7th Circuit Reverses 12(b)(6) Dismissal of Complaint for Title VII Race Discrimination and ADA Disability Discrimination and Retaliation.

On June 14, 2019, the U.S. Court of Appeals for the Seventh Circuit reversed the district court's dismissal of a complaint in which the plaintiff alleged that the defendant terminated his employment because of his race and disability, in violation of Title VII of the Civil Rights Act of 1964 ("Title VII") and the Americans with Disabilities Act ("ADA").  Freeman v. Metropolitan Water Reclamation District of Greater Chicago, No. 18-3737 (7th Cir. June 14, 2019).  The plaintiff, an African-American man who suffers from alcoholism, sued his former employer for firing him because of his race and disability.  The district court dismissed his complaint for failure to state a claim pursuant to Fed R. Civ. P. 12(b)(6).  The Seventh Circuit, however, concluded that the plaintiff has pleaded enough to state his claims.

The plaintiff's complaint raises claims of race and disability discrimination and of retaliation, in violation of Title VII and the ADA.  He alleges that he was fired due to his race (African-American) and disability (alcoholism).  He also alleges that his former employer failed to reasonably accommodate his alcoholism by refusing to let him travel around the grounds of the plant without using a car.  He further claims that the defendant retaliated against him by terminating his employment after he exercised his right under the ADA to request reasonable accommodations.  The district court dismissed his complaint with prejudice for failure to state a claim.  The Seventh Circuit disagreed, concluding that the district court erred by demanding too much specificity in the plaintiff's complaint.  "A plaintiff alleging race discrimination need not allege each evidentiary element of a legal theory to survive a motion to dismiss."  It was sufficient for the plaintiff to only allege, as he did, that the defendant terminated him because of his race.  His failure to plead the evidentiary element that similarly situated coworkers outside of his protected classification were treated more favorably, therefore, is not fatal to his complaint.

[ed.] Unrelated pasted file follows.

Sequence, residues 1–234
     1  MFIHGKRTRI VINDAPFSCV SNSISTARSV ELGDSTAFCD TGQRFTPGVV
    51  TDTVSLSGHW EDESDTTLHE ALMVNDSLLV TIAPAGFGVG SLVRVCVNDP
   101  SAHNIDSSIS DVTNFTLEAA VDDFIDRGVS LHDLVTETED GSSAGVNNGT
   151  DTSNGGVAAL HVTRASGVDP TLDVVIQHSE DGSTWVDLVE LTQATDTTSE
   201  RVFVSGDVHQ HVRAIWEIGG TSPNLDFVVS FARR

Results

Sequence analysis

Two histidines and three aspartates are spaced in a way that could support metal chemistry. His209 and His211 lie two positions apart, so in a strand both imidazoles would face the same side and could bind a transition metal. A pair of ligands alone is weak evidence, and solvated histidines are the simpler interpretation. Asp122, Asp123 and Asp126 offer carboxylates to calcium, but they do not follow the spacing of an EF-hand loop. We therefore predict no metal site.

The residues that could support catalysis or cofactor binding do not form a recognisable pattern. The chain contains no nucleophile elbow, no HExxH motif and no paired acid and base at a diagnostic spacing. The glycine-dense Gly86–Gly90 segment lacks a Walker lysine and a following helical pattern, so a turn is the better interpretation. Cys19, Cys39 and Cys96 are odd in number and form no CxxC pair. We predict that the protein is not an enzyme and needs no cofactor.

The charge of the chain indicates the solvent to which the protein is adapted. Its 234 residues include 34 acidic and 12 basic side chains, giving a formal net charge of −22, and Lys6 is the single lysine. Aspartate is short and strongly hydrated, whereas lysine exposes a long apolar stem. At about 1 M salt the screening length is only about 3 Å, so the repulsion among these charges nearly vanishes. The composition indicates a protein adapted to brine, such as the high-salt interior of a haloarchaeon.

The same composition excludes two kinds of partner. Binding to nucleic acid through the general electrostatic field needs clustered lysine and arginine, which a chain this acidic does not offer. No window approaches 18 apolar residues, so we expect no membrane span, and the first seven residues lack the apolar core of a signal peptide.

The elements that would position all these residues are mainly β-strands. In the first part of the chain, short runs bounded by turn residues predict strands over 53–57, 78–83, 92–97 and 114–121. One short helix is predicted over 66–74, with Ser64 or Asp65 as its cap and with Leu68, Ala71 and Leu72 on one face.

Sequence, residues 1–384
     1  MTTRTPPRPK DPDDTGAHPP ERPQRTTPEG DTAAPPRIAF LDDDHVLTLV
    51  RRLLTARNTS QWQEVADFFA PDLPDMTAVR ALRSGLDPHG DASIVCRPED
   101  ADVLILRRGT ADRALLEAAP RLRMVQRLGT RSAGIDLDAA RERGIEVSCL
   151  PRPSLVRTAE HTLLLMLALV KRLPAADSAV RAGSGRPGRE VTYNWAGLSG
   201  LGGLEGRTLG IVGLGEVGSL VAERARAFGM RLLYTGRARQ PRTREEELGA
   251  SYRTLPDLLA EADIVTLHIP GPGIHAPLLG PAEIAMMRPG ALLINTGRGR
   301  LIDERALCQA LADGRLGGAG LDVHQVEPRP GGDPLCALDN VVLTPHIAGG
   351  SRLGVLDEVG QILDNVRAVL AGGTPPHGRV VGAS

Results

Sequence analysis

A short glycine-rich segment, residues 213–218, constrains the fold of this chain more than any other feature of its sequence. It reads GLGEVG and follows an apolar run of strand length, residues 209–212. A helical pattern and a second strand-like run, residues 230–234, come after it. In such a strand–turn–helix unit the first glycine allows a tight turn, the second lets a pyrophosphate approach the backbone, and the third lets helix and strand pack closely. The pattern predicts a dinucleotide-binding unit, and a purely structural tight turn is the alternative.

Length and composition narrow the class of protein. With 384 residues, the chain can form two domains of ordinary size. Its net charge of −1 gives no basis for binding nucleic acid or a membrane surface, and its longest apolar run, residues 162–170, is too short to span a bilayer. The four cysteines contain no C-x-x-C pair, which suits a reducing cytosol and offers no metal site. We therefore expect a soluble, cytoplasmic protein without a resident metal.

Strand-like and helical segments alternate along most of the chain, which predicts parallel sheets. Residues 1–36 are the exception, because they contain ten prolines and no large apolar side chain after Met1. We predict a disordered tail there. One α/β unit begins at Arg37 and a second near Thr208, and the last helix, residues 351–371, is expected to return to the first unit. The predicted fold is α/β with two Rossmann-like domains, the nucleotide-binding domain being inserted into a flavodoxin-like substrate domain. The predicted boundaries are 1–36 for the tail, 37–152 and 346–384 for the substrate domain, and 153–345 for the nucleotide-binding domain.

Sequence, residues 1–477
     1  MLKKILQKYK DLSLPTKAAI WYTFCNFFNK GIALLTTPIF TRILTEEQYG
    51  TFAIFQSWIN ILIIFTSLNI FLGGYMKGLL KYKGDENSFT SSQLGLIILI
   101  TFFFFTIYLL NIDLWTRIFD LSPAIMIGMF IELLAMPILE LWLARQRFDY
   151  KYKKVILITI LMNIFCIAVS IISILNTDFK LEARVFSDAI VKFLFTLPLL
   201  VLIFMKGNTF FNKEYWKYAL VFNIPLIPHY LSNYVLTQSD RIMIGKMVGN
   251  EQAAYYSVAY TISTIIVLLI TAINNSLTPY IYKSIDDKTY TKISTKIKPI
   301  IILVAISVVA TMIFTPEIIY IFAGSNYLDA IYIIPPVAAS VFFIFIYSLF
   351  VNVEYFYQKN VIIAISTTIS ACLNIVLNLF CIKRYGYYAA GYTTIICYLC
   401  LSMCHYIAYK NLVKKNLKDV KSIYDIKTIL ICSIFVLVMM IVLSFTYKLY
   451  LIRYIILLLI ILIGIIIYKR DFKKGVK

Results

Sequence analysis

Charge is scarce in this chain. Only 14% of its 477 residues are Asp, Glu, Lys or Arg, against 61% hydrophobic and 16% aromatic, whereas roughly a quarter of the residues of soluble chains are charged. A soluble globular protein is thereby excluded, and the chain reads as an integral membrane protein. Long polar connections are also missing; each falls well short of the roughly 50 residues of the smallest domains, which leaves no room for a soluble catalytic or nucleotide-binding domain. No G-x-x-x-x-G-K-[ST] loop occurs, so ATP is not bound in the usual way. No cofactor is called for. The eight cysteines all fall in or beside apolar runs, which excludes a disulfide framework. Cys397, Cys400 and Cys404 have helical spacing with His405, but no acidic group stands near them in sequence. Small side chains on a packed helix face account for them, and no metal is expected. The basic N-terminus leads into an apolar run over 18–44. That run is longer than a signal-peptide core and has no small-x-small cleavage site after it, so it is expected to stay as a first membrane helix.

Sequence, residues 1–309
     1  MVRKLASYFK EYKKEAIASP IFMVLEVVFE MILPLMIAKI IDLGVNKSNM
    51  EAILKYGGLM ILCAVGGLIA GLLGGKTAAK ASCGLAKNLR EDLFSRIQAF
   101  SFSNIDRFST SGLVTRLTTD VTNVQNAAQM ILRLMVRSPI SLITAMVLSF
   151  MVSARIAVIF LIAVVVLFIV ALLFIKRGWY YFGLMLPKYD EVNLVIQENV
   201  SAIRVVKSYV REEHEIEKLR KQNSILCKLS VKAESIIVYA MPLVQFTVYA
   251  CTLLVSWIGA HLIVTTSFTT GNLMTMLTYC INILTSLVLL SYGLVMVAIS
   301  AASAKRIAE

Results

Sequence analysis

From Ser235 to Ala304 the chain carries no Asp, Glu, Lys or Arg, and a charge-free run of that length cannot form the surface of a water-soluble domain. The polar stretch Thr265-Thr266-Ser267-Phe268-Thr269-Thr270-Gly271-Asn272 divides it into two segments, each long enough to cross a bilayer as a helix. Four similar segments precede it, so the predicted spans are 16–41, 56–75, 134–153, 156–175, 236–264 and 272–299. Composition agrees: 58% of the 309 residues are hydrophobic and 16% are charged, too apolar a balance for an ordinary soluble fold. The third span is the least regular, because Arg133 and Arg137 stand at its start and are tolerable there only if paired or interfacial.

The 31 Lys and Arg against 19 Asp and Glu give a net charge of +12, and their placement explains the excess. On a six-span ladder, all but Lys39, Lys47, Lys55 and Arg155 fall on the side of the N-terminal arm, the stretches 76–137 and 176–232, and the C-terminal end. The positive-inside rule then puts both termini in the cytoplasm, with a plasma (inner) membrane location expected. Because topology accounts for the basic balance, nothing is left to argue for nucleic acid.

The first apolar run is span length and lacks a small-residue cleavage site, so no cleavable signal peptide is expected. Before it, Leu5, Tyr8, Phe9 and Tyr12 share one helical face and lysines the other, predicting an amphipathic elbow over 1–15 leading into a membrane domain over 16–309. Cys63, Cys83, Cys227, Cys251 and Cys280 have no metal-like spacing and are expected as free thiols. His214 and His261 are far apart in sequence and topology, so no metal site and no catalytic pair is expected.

Similarly, the plaintiff has adequately stated claims for disability discrimination and retaliation under the ADA.  The general rule in federal court requires only notice pleading.  The plaintiff's complaint plausibly alleged that the defendant regarded him as an alcoholic because of his suspended license for driving under the influence of alcohol, and then concluded from his suspension that his alcoholism impaired his ability to work at any job that involves safely moving items across a facility.  Because that activity includes a broad range of work, a jury could conclude that it is a major life activity.  The plaintiff also alleged that he could perform his job duties with a reasonable accommodation, but that the defendant terminated him anyway due to his alcoholism and his accommodation requests.  These allegations, the Seventh Circuit concluded, state claims for disability discrimination and retaliation.